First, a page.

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COVID -19 & IP POLICY

COVID -19 & IP POLICY

The COVID-19 pandemic provides an opportunity to reflect upon the crucial role of intellectual property (IP) in the on-going health crisis and dedicate IP to finding a permanent solution.

Vaccines – permanent solutions:

  • Vaccines are real solutions to this pandemic.
  • However, their production and distribution will take a long time.
  • First it has to be inventedNext approval – even after approval for commercial production is granted in one nation, in order for the product to be available ubiquitously, approvals will be required in every nation.
  • All nations have to be ready for instant manufacturing and marketing of the vaccine.
  • Towards this, continuous dialogue is needed among innovators, manufacturers and supply chains.
  • This demands effort by governments, private industries, and international organisations.

Do patents create roadblocks, or provide a solution?

  • Many innovations happened post COVID19 outbreak. Any of them could be the subject of patent claims worldwide.
  • There may be claims, rival claims by nationsCollaborations may also occur.
  • Patent exclusivity accepted by patent rights may be detrimental to the society.
  • During a pandemic, creating hindrances through exclusivity arguments would result in separating countries, private industries and international organisations.
  • Such hindrances won’t help patients.
  • If patent proprietors build impediments on the strength of patent rights, the world may dislike patents. This is unwarranted.

Patent Exclusivity:

  • Patents grant exclusivity in the market to the owners for a limited period.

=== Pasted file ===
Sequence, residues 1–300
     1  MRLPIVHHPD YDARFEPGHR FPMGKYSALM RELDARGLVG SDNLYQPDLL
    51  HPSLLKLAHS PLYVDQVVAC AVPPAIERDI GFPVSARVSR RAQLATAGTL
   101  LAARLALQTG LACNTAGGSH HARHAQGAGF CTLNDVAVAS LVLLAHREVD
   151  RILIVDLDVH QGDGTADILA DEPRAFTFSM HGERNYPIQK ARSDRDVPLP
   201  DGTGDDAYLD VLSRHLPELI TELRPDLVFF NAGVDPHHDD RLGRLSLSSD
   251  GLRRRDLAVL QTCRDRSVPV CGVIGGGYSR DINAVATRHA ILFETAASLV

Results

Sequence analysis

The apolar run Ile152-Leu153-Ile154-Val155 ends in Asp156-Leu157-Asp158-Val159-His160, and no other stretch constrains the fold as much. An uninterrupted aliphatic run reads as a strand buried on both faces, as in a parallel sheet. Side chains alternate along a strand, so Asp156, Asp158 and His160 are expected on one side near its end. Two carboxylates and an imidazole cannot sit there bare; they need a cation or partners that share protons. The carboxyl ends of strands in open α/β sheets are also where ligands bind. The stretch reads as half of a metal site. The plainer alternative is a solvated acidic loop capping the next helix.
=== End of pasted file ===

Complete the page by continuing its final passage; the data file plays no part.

• This exclusivity for drugs will last for as long as the primary patent is in place, usually 20 years.
  • The primary patent applies to the therapeutic active pharmaceutical ingredient (API).

Pandemics need solutions:

  • Governments and international organizations must reach a consensus beforehand to ensure the framework is ready.
  • Under the TRIPS (TradeRelated Aspects of Intellectual Property Rights) regime, tools like compulsory licensing could ensure access to medicines.
  • However, society itself should respect innovation.
  • To protect the sanctity and integrity of patent systems, and to prevent an anti IP sentiment, answers should be found within the existing regime.

Patent pools:

  • Patent pools can be used for the collectionadministration and licensing of patents relating to particular technical areas.
  • It could be regulated by a central entity and the patents entering the pool should be readily available for licensing. Some pools could also publish payable royalty rates beforehand.
  • global pool of COVID19related innovations, or innovations related to rare pandemics, in respect of vaccines and medicines could be created.
  • Vaccines and medicines will be quickly available under this.
  • Such pooling of patents is also in line with the Doha Declaration on Public Health (a part of the TRIPS agreement).
  • This declaration recognises the need for taking measures to ‘protect public health’ and ‘promote access to medicines’.

Way forward:

  • Public Private Partnerships (PPP) should be scaled up.
  • Creation of the ‘PPP pandemic patent pool’ at a global level, to pool all innovations, is the way forward.

Source:” The Hindu “.

POSSIBLE UPSC CSE MAINS QUESTION:

Patent exclusivity accepted by patent rights may be detrimental to the society. Examine. Could patent pooling be a permanent solution to find vaccines during pandemics?